Page 775 - Week 03 - Tuesday, 20 March 2018

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Many speeches were given in the spirit of social harmony and inclusivity, and the ACT government has been working to create a more inclusive society where our multicultural communities have the opportunity to actively engage with us as a government and in the wider community.

I am proud to live in a city that is inclusive, and Harmony Day is a significant day in the hearts and minds of many Australians and Canberrans. I would like to thank the community groups who have engaged with the government to make Harmony Day tomorrow such a success. I would also like to extend my thanks to the India Australia Association, their president, Sandipan Mitra, and all the volunteers and organisers of the Holi Mela. I would also like to acknowledge those in my community who are from a culturally or linguistically diverse background and recognise the strength through diversity that they provide our multicultural community here in Canberra.


MS LEE (Kurrajong) (5.46): Jasiri means fearless. I know that all members from both sides of the chamber marked International Women’s Day on 7 March in different ways but I had the very real pleasure of being asked to participate in something quite different. I was approached by two amazing women, Caitlin Figueiredo and Ashleigh Streeter, whom I have spoken about in this very chamber, to lead a women’s self-defence class for our women MLAs and some of their constituents.

As a child, Caitlin Figueiredo was abused in secret by an extended family member for no other reason than that she was a girl. Wanting to help other Australian children and young women in similar situations, Caitlin created Jasiri Australia with a group of friends in Canberra. Together they established the world’s first pay it forward self-defence social enterprise offering a range of pathways to help survivors of abuse. Through their self-defence classes Jasiri Australia aims to give women and girls the skills they need to become their own advocates for change. Jasiri also funds life-changing programs with 100 per cent of the profits from its online store and events going directly to support the Alannah and Madeline Foundation. A few months ago I took the opportunity to attend the first class taught by taekwondo 3rd Dan champion and model, Lorna Munro, who, I know, has come on board to be Jasiri Australia’s self-defence expert.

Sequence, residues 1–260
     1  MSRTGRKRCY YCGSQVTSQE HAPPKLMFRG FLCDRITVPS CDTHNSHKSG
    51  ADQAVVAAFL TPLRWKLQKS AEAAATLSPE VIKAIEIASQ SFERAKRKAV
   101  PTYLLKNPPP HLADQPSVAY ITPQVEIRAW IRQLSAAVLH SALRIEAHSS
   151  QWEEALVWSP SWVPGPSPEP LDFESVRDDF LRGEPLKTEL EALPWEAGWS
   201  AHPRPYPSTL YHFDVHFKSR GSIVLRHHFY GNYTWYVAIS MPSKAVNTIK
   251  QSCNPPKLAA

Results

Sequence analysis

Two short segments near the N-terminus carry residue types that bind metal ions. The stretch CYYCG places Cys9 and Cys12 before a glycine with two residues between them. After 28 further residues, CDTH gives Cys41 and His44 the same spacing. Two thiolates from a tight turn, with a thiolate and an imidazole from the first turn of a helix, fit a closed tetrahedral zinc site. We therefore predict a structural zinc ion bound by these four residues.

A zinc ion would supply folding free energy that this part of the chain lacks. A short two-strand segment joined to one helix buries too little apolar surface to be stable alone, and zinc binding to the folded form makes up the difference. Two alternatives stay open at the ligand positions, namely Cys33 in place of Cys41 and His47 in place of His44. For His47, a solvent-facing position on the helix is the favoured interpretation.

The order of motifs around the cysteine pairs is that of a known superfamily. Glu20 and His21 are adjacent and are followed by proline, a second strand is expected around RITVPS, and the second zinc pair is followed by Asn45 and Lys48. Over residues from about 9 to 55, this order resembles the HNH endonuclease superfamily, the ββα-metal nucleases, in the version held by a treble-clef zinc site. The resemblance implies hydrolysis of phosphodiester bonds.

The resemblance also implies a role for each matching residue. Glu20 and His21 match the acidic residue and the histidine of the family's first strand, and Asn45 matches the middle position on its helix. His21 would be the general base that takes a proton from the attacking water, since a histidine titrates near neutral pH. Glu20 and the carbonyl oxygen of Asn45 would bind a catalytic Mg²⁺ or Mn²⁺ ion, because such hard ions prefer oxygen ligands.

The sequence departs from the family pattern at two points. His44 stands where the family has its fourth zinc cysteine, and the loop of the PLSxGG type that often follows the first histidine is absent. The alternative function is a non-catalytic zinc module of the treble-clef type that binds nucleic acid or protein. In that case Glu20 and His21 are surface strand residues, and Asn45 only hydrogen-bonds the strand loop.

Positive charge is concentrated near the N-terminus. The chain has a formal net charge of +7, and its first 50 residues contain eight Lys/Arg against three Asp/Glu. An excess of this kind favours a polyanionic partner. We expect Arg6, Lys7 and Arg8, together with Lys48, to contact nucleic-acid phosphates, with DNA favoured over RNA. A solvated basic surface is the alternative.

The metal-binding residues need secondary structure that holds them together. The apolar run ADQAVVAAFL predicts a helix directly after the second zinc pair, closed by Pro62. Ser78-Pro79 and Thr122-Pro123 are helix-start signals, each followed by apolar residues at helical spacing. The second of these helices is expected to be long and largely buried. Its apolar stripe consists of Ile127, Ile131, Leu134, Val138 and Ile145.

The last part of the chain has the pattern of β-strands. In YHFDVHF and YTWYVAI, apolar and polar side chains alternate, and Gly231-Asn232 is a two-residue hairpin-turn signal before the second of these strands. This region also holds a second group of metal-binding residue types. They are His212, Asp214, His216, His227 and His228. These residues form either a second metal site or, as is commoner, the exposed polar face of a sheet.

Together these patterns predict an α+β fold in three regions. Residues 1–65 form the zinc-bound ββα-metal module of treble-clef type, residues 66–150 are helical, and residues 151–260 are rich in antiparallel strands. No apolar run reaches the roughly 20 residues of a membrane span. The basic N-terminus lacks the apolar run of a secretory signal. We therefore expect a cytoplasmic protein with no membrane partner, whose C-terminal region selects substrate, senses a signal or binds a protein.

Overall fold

In Australia on average one woman is murdered each week. Sixty thousand children live in emergency accommodation because of domestic and family violence or homelessness. When I was becoming a teenager my parents ensured that my sisters and I were taught taekwondo, a way to instil in us some confidence, discipline, some skills to look after ourselves should the need arise and to learn a little more about our culture because taekwondo is a Korean martial art.

After years of training, by year 10 I had achieved my black belt and by year 12 I had achieved my second Dan and was teaching classes on a regular basis. This high school extracurricular activity gave me the opportunity to continue teaching taekwondo when I moved to Canberra for university, and it was not long before I was asked to teach a few women’s self-defence classes. Mind you, that was many years ago.

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